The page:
RAW Troublemaker Again

Started Aug 30, 2013 | Discussions
VirtualMirage
VirtualMirage Veteran Member • Posts: 3,956
Re: Rarely.. if ever....

Gary Eickmeier wrote:

TrojMacReady wrote:

...do we get to play with the original RAW file ourselves, to show what a high quality conversion can do, relative to the out of camera jpegs.

Words can only do so much in these heated discussions.

So I ask, what would be the best way to send you my RAW file? I wonder if I can post it on another site and then post a link.

Dropbox is an option.

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Paul

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stevo23 Forum Pro • Posts: 21,094
There's not really a debate
5

Gary Eickmeier wrote:

Just an observation, OK? Sometimes the JPG is better.

I shot some outdoor shots of people at a meeting. RAW + JPG. In editing, I notice that the JPG looks so much better! The camera processing took much better care of noise, sharpening, but most of all automatic lens correction for Chromatic Aberration! Take a look at these 100% crops:

This isn't really something that should be debated, it can only be answered and explained. But the relative answer "jpeg is sometimes better" is unfortunately misinformed. If you shoot raw + jpeg, the jpeg you have is nothing more than a derivative of the raw that you have. Out of the camera, the jpeg might look better and in many cases SHOULD. But the potential of each is very different. Better results can be had from RAW. Sometimes, maybe you only match the jpeg, but i've personally never had a case where I couldn't get better results.

If you can't get better results from RAW, then there are a couple of issues:

1) You have to shoot to take advantage of the processor's DR, color, sharpness etc. characteristics.  Use your RGB histograms! It won't always look pretty right out of the camera, but that's OK.

2) In-camera jpeg is made using a much less powerful processor than you have in your computer and software. Learn how to process RAW photos in your computer.

3) Learn to use your RAW converter - if you require a special one.

If you're not skilled in certain aspects of post processing, RAW may not help you. But you can ALWAYS match or better the jpeg if you know what you're doing. And it's not hard either.

Actually - in many cases, RAW will look like flat crap coming right out of the camera if you're shooting it correctly! But after you start working with things, it will turn out beautiful results. Raw affords you tons of latitude for adjustment that is severely lacking in jpeg. For an example of how flat RAW can look straight from the camera, see below:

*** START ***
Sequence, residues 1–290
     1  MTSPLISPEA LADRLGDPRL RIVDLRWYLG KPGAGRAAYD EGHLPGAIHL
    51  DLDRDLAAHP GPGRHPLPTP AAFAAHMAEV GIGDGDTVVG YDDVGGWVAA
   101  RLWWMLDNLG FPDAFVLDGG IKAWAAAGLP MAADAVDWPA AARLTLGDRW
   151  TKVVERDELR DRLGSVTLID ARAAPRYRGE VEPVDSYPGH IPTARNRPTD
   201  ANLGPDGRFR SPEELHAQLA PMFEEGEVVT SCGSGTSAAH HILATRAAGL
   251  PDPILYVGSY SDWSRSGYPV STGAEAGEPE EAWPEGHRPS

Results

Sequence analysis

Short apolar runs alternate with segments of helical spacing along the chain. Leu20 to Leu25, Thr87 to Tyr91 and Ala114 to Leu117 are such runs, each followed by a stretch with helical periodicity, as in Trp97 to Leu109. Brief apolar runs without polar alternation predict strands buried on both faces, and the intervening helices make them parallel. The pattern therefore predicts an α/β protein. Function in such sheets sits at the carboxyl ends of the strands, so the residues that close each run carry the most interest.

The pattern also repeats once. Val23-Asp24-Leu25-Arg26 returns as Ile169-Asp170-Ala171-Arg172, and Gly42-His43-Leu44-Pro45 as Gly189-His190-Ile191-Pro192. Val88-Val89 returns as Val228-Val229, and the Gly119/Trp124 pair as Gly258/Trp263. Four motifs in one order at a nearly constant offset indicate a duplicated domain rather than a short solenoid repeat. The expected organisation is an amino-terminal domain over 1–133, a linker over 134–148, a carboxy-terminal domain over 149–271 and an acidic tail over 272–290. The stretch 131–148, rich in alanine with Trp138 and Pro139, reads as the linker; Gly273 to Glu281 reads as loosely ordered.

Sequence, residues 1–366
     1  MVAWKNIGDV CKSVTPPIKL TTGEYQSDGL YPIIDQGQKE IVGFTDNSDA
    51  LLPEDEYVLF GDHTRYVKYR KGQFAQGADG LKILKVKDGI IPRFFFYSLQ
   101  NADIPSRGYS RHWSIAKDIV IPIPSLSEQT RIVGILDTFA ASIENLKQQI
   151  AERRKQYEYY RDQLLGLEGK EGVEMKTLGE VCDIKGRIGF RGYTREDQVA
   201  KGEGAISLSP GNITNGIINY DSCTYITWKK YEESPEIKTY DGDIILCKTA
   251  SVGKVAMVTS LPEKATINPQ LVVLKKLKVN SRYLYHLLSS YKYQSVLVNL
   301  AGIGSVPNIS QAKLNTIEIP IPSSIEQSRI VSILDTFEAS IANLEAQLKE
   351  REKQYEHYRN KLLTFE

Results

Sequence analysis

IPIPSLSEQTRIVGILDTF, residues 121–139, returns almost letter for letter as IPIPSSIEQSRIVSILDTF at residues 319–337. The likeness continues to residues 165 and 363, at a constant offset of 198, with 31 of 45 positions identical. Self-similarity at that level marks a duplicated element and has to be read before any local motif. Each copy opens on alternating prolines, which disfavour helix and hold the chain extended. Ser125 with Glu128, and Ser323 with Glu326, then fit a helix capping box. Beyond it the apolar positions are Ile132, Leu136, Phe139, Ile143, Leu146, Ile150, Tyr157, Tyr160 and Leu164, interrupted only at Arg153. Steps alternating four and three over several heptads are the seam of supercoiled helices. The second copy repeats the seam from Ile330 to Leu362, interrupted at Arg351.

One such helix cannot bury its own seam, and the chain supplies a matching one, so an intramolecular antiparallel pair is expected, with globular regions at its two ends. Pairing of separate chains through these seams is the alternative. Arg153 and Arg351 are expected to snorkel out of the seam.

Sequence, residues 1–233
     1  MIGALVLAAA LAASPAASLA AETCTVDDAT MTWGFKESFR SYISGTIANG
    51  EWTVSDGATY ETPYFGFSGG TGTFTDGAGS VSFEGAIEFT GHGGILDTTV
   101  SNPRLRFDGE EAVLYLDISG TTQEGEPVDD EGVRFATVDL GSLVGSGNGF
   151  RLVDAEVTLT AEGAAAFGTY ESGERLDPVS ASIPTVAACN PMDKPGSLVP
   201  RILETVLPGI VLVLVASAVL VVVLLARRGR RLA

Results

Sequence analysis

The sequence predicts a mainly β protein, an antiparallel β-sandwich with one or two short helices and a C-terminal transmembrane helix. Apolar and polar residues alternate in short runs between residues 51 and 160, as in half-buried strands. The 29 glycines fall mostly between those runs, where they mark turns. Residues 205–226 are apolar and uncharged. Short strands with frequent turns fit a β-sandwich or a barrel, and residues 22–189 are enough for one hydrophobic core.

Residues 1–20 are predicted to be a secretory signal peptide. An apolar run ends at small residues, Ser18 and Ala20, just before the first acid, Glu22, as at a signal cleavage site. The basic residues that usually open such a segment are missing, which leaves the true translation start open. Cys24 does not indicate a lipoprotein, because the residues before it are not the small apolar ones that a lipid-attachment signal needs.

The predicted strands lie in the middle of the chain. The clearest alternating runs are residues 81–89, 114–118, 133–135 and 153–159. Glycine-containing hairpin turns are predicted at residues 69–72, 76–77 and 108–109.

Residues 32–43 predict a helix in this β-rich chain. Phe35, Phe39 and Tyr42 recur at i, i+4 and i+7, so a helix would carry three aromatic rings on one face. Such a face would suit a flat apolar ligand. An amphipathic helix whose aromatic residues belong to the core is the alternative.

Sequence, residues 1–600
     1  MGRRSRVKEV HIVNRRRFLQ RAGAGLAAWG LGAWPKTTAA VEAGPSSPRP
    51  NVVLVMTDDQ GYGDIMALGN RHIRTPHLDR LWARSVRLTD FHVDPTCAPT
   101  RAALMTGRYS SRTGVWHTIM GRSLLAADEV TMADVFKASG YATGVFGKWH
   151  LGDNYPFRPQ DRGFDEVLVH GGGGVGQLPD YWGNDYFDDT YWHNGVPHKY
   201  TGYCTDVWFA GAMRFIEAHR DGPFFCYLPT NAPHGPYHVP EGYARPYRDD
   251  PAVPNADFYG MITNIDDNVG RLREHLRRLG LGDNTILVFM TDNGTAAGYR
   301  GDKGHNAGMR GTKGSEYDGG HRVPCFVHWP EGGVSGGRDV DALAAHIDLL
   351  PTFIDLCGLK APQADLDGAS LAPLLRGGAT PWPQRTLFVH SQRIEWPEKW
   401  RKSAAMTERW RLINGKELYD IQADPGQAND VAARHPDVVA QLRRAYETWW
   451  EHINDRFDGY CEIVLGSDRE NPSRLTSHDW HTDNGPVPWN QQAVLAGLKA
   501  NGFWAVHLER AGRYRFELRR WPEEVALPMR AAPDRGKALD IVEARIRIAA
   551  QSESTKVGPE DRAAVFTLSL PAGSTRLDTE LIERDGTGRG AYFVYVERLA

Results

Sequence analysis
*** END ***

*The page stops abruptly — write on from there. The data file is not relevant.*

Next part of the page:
RAW Capture

Processed Result

Sorry, I didn't shoot a Jpeg here. And please pardon my editorial choice of the bi-color filter. This comparison is only to show you that the RAW isn't always a pretty image straight from the camera, the jpeg would have initially looked better. This was a very deliberate capture to keep everything as far right in the histograms as possible so I had minimal noise and maximum sharpness potential, DR, tonal range and color potential. Granted, now these are both jpegs, ha ha.

Hope this helps...

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Chet Meyerson
Chet Meyerson Regular Member • Posts: 211
Re: Do you really have to RAW??

RichV wrote:

 it's more about the statement that JPEG produces a better quality output than RAW can ("gee - I can't make this RAW look nearly as good as the OOC JPEG, so JPEG MUST be superior").

Rich

Rich, I think it's quite the opposite.

I don't think anyone said a JPEG file is BETTER than a raw file, I think the point here is that a JPEG file 'could' be as good as a raw file. Very different arguments. Like you said earlier, if someone's skill set is low processing raw files, then by all means to that person the JPEG will be superior. To someone who knows what they are doing, has the proper tools the results can and perhaps exceed the in camera JPEG. But in the end, even to pixel peepers, just how different are they? And what's the intended use? No one will notice the difference (assume processed to look basically the same- color wise, etc, not a different image look) on a print under 11x14 with today's JPEGs.

To blindly shoot raw because it's "better" and then try to convince me why (and almost insult me in the process) the mindset I find so distasteful. Makes no sense. The ultimate use should govern the type of file format to shoot. Getting paid $25,000 for an image requested by an NYC advertising firm's art director (I'm sure all the posters here are hired for this type of work) ...well you better shoot raw! Shooting an image to post on the forums, email people, put on your Facebook page, your Flickr albums etc....please - no need for RAW! (IMHO).

There is a fellow who shoot time-lapse video here on the forums and he shoots them in RAW. Thousands of frames! Claims he can edit them better. Really makes me wonder when the final resolution is at best 1080! And then post it to YouTube and watch how they compress the crap put of your best work! Really!!! That's what I call just plain not understanding compression. Shoot a time-lapse for Imax at 4K, you have a case there!

Anyway.................off to shoot some raw files of some cool cars tomorrow (but I'll use the jpeg's that will be on the other card...love my a99).

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JusLookN Veteran Member • Posts: 4,296
Re: So the next time,
2

Gary Eickmeier wrote:

Thanks Rich, and I will try harder. But look at another example (couldn't resist - you guys told me that IDC does the same job as the camera processing, so I opened up a random shot that I had in both JPG and RAW, did the RAW in IDC with sharpening and - well, it didn't need anything else - but look at the RAW sharpening results vs the camera's JPG with a little Unsharp Mask applied):

Of course (as if you couldn't tell) the bottom one is the JPG. I could not get the RAW one as sharp within the IDC program. I could have applied Unsharp Mask after importing it into Photoshop, but wanted to show what each program can do by itself. These are 100% crops of a much larger image that I was shooting to test resolution.